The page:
15:03 GMT16 July 2020
Listen Live
    Politics
    Get short URL
    Western Sanctions Against Russia (737)
    0 415
    Subscribe

    The growing number of opponents of the anti-Russian sanctions in EU member states is the main reason they should be lifted urgently, Czech President Milos Zeman said Monday.

    "The number of EU member states that oppose the anti-Russian sanctions is growing," Zeman said in an interview with Prague news outlet Idnes.

    As an example, the Czech leader cited recent statements by Austrian Chancellor Werner Faymann who said that the sanctions against Russia are ineffective and meaningless.

    "As for the latest statements, I can cite the words by the Spanish foreign minister [Jose Manuel Garcia-Margallo], who spoke in the same strain," the Czech president added.

    The Czech leader attended the Victory Day Parade in Moscow, commemorating the 70th anniversary of victory over the Nazi Germany in World War II. At a meeting with his Russian counterpart Vladimir Putin on Saturday, Zeman said he was confident that sanctions piled on Russia by the West would be lifted soon, adding that the recent chill in Russia's ties with Europe would soon give way to "normal" political, economic and cultural relations.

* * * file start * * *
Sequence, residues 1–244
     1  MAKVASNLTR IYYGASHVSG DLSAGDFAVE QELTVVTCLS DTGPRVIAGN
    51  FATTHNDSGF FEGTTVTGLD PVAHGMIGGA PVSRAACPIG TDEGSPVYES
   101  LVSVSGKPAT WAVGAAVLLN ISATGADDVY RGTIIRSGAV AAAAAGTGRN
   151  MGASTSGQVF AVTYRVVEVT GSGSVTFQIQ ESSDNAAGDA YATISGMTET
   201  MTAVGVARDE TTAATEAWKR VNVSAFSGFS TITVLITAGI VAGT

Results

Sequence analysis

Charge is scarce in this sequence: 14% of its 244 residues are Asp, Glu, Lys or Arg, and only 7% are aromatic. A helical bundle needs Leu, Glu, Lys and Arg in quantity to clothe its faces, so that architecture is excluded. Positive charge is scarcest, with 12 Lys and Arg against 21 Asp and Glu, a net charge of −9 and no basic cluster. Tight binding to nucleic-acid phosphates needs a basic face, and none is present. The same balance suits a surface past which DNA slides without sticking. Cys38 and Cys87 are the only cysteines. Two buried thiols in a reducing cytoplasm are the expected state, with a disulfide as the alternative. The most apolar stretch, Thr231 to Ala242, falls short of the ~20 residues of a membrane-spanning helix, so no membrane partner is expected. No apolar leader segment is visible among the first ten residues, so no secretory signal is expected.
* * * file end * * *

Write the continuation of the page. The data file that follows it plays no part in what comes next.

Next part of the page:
According to Zeman, Russian President Vladimir Putin said during their talks in Moscow on May 9 that Russia is ruling out any military operation on Ukrainian soil. The Russian head of state has repeatedly said that there are no Russian troops in Donbass, and that Moscow is not a party Ukraine’s internal conflict.

    Topic:
    Western Sanctions Against Russia (737)

    Related:

    Czech Leader Can Help Restore Russian-European Relations – Putin
    Czech President Claims Islamic State Greater Threat to Europe Than Russia
    Ukraine Unable to Build Up Its Own Sovereignty – Former Czech President
    Tags:
    European Union, anti-Russian sanctions, 2015 Moscow Victory Day Parade, Jose Manuel Garcia-Margallo, Werner Faymann, Milos Zeman, Czech Republic, Russia
    Community standardsDiscussion